This is part 1 of a 2 part blog post series discussing what executive functioning skills are, as well as the tools and strategies that can be utilized at home or within the classroom to help your child become more independent and functional in his/her everyday life.
Executive Functioning Skills
The development of executive functioning skills is a necessary component of cognitive processing. Executive function refers to a child’s ability to plan and direct activities, initiate tasks, have working memory, maintain sustained attention, and persist towards an end goal.
These skills help with the regulation of emotions, enabling a person to organize behavior and override any initial reactions in favor of long-term goals. The skills that allow a child to regulate their behavior and perform optimally are as followed:
- Planning and Organization: the ability to create a roadmap towards an end goal and complete a task. This allows a child to be able to focus on what is important and avoid what is not important.
- Time Management: the ability to estimate how much time he or she has, as well as how to function within those time limits.
- Working Memory: the ability to hold information in one’s mind while performing a complex task. This includes drawing on past experiences and applying them to a current task. This skill is crucial for problem-solving.
- Metacognition: the ability to observe how oneself is problem-solving, by asking the questions, “How am I doing?” or “How did I do?”
- Response Inhibition: the capacity to think before acting, establishing enough time to evaluate a situation and determine how a specific response will influence the outcome.
- Self-regulation: the ability to manage emotions so that an end goal may be achieved.
- Task Initiation: the ability to begin a task in a timely manner.
- Flexibility: the ability to revise plans when there is an obstacle or a setback. This is the ability to adapt to changes.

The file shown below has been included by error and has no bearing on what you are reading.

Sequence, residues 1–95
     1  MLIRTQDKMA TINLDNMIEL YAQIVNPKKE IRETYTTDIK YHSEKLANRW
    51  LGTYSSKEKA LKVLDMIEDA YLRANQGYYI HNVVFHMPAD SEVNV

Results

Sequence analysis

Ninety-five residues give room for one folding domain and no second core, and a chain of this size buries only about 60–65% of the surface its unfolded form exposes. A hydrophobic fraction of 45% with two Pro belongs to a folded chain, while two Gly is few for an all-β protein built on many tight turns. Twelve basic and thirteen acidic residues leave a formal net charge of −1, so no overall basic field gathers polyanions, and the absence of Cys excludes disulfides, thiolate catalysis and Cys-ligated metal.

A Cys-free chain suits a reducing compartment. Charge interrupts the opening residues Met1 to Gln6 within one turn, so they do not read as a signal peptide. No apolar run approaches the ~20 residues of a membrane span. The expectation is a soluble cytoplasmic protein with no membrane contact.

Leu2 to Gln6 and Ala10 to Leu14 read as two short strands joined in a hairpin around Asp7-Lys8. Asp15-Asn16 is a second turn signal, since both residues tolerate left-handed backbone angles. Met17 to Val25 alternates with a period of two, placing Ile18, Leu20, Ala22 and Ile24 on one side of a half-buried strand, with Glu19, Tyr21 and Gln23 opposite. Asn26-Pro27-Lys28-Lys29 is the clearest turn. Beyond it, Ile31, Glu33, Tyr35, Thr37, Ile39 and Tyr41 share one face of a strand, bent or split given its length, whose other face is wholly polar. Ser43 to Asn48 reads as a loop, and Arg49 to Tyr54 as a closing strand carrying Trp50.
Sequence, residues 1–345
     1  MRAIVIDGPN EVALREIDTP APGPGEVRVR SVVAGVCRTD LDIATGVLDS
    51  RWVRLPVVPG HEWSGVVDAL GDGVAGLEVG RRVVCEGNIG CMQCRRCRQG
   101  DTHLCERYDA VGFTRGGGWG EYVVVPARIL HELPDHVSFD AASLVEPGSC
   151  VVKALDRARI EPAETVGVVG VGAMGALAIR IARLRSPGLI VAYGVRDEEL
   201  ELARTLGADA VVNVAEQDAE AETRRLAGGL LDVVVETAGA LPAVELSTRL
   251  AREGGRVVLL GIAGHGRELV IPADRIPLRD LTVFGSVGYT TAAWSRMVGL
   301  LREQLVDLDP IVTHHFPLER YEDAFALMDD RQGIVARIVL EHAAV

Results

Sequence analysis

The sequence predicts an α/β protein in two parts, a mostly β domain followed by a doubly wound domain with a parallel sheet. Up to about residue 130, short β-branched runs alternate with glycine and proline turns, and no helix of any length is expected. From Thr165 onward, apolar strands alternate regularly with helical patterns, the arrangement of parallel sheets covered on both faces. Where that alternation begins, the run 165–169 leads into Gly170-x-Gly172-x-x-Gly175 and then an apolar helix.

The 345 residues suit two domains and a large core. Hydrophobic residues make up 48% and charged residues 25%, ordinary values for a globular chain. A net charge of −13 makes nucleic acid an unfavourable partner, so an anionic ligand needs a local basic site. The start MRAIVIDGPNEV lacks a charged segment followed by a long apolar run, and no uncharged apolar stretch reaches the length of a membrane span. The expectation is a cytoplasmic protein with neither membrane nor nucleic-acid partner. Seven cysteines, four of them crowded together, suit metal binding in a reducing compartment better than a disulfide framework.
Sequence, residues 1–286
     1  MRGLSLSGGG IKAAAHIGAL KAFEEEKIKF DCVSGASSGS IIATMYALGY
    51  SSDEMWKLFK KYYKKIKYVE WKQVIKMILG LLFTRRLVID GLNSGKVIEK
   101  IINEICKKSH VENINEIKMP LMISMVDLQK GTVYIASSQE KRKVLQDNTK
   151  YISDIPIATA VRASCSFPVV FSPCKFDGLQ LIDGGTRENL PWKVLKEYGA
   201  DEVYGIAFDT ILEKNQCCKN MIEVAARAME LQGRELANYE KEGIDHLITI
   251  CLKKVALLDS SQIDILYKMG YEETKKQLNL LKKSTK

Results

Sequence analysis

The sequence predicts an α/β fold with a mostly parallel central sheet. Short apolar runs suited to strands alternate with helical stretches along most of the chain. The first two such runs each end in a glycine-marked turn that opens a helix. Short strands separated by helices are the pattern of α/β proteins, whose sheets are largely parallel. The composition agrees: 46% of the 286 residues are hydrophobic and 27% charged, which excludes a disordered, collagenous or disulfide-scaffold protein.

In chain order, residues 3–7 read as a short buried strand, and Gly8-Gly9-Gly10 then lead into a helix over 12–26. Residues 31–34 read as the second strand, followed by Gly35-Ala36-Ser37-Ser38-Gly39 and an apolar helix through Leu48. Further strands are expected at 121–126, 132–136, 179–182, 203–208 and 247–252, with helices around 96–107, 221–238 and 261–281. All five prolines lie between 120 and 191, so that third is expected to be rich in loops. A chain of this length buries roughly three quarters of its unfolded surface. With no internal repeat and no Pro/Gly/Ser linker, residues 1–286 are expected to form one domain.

- Goal-directed Persistence: the ability to follow through with a task despite competing interest or demands.
These skills are required in order to face new challenges and tasks that are not innate. It should be noted that these skills continue to develop from infancy all through childhood into adolescence. Children are constantly facing new tasks as they get older, challenging their executive functioning skills and further developing them.
Researchers now know that most executive functioning skills develop in the area of the brain known as the prefrontal cortex, a system of the brain that does not fully develop until late adolescence. In infancy and early childhood, parents act as the frontal lobes for their children. They demonstrate appropriate limits and guidelines that children will first observe, then mimic, and then independently initiate without the presence of an adult as they get older.Also, important to be noted, is that the frontal regions of the brain control much of human behavior, which is why executive functioning skills can be impacted by several different factors. Depression, anxiety, attention disorders and even fatigue can all impact a child’s ability to think critically, problem solve, and successfully engage in various other executive functioning skills.